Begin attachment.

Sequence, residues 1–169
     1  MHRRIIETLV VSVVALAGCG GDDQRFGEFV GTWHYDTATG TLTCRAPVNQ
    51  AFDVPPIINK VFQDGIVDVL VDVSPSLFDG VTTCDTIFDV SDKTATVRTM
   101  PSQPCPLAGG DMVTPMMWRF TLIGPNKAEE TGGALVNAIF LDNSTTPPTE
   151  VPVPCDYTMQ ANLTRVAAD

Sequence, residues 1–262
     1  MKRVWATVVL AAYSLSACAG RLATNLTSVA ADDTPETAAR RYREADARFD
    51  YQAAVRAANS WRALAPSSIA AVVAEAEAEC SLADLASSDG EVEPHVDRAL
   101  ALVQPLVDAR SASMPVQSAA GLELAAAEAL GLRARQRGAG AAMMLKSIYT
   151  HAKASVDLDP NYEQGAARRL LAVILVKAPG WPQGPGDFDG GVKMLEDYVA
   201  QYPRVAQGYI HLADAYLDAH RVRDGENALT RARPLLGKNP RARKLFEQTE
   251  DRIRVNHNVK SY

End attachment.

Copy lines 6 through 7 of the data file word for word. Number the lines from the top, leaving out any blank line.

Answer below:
Sequence, residues 1–262
     1  MKRVWATVVL AAYSLSACAG RLATNLTSVA ADDTPETAAR RYREADARFD